Shine Energy Systems Inc. Company Blog

Shine Energy Systems Inc. Company Blog

Friday, January 12, 2007

Air vs. Ground Heat Pumps

There are two common types of heat pumps used in home systems. The ground source heat pump (GSHPs) and the air source heat pumps. At Shine Energy, we work with ground source heat pumps, but we are often asked about air source heat pumps due to some confusion in differentiating the two. This is a brief description of the differences between the two systems.

For useful and a more detailed description of the two systems, Natural Resources Canada has a great booklet .

An air-source heat pump absorbs heat from the outdoor air in winter and rejects heat into outdoor air in summer. It is the most common type of heat pump found in Canadian homes at this time. However, ground-source (also called earth-energy, geothermal, geoexchange) heat pumps, which draw heat from the ground or ground water, are becoming more widely used, particularly in British Columbia, the Prairies and Central Canada. p.6

GSHPs have a relatively constant coefficient of performance (COP) due to constant ground(or water) temperatures; whereas, air source heat pumps have a COP that declines with decreasing air temperature. For example, on a cold winter day, an air source heat pump has a lower COP as it is more difficult for the system to draw "heat" from the air to supply to your home. The reverse is true for cooling on a hot summer day.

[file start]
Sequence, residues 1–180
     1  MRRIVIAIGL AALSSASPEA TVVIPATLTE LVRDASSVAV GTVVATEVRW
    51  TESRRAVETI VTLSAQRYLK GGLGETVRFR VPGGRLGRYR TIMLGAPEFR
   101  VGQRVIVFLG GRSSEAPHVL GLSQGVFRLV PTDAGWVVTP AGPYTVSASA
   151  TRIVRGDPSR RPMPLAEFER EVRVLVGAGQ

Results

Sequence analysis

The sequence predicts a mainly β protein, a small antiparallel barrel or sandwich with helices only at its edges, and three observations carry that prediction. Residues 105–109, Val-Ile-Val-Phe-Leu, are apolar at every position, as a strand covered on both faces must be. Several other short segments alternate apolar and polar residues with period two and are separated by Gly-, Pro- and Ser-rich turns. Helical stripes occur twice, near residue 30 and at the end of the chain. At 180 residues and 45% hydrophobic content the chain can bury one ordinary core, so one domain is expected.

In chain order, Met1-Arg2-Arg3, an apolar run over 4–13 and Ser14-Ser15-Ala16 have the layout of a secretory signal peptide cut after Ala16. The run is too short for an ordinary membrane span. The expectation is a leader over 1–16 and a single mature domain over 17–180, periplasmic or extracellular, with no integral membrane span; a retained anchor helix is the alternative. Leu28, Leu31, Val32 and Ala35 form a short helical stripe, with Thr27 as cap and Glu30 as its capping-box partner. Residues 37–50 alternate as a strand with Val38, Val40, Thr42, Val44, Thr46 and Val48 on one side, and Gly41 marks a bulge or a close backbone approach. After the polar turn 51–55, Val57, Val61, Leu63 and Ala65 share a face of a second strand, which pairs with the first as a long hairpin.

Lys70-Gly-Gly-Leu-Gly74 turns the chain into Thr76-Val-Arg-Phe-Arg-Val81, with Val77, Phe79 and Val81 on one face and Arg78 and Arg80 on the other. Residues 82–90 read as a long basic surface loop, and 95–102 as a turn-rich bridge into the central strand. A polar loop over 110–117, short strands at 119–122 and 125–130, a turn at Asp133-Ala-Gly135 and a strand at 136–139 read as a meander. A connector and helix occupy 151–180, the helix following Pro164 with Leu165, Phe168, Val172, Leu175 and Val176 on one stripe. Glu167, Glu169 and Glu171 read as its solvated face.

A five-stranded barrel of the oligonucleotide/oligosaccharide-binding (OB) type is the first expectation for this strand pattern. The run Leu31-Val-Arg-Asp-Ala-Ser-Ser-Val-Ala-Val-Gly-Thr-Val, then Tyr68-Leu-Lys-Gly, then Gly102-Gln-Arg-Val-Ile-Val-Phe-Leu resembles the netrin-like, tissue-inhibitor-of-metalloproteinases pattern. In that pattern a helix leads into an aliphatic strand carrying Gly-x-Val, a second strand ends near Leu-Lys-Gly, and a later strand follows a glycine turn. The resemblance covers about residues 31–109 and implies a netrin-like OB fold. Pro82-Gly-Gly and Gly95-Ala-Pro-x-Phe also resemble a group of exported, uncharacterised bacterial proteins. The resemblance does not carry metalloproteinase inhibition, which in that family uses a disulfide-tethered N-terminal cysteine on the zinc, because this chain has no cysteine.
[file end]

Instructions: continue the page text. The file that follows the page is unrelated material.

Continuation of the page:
Unlike the outside air, the temperature of the ground remains fairly constant. As a result, the output of an (GSHP) varies little throughout the winter. Since the (GSHP's) output is relatively constant, it can be designed to meet almost all the space heating requirement – with enough capacity left to provide water heating as an "extra." p.31

On average, an (GSHP) will yield savings that are about 40 percent more than would be provided by an air-source heat pump. This is due to the fact that underground temperatures are higher in winter than air temperatures. As a result, an (GSHP) can provide more heat over the course of the winter than an air-source heat pump. p.37

In addition, GSHPs are quieter and have a longer expected life (20 to 25 years) than air source pumps since they are not outside where they are exposed to the elements.

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